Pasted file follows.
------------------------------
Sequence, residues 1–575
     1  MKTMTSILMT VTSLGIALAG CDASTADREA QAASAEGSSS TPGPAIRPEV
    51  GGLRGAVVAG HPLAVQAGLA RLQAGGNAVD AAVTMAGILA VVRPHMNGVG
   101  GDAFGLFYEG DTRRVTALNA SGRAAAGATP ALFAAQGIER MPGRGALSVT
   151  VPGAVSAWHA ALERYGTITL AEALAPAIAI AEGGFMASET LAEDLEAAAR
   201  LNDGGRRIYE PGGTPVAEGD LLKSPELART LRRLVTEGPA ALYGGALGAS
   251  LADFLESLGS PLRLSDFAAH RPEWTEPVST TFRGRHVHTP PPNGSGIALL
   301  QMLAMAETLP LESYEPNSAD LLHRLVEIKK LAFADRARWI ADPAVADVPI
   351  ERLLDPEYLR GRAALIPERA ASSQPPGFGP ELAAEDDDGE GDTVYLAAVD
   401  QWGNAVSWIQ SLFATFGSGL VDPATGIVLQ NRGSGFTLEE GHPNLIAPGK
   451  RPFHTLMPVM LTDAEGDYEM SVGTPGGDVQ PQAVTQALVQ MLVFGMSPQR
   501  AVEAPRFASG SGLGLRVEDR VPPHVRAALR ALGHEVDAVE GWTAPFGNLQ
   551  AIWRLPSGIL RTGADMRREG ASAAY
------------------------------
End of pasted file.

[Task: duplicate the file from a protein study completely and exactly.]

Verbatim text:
Sequence, residues 1–575
     1  MKTMTSILMT VTSLGIALAG CDASTADREA QAASAEGSSS TPGPAIRPEV
    51  GGLRGAVVAG HPLAVQAGLA RLQAGGNAVD AAVTMAGILA VVRPHMNGVG
   101  GDAFGLFYEG DTRRVTALNA SGRAAAGATP ALFAAQGIER MPGRGALSVT
   151  VPGAVSAWHA ALERYGTITL AEALAPAIAI AEGGFMASET LAEDLEAAAR
   201  LNDGGRRIYE PGGTPVAEGD LLKSPELART LRRLVTEGPA ALYGGALGAS
   251  LADFLESLGS PLRLSDFAAH RPEWTEPVST TFRGRHVHTP PPNGSGIALL
   301  QMLAMAETLP LESYEPNSAD LLHRLVEIKK LAFADRARWI ADPAVADVPI
   351  ERLLDPEYLR GRAALIPERA ASSQPPGFGP ELAAEDDDGE GDTVYLAAVD
   401  QWGNAVSWIQ SLFATFGSGL VDPATGIVLQ NRGSGFTLEE GHPNLIAPGK
   451  RPFHTLMPVM LTDAEGDYEM SVGTPGGDVQ PQAVTQALVQ MLVFGMSPQR
   501  AVEAPRFASG SGLGLRVEDR VPPHVRAALR ALGHEVDAVE GWTAPFGNLQ
   551  AIWRLPSGIL RTGADMRREG ASAAY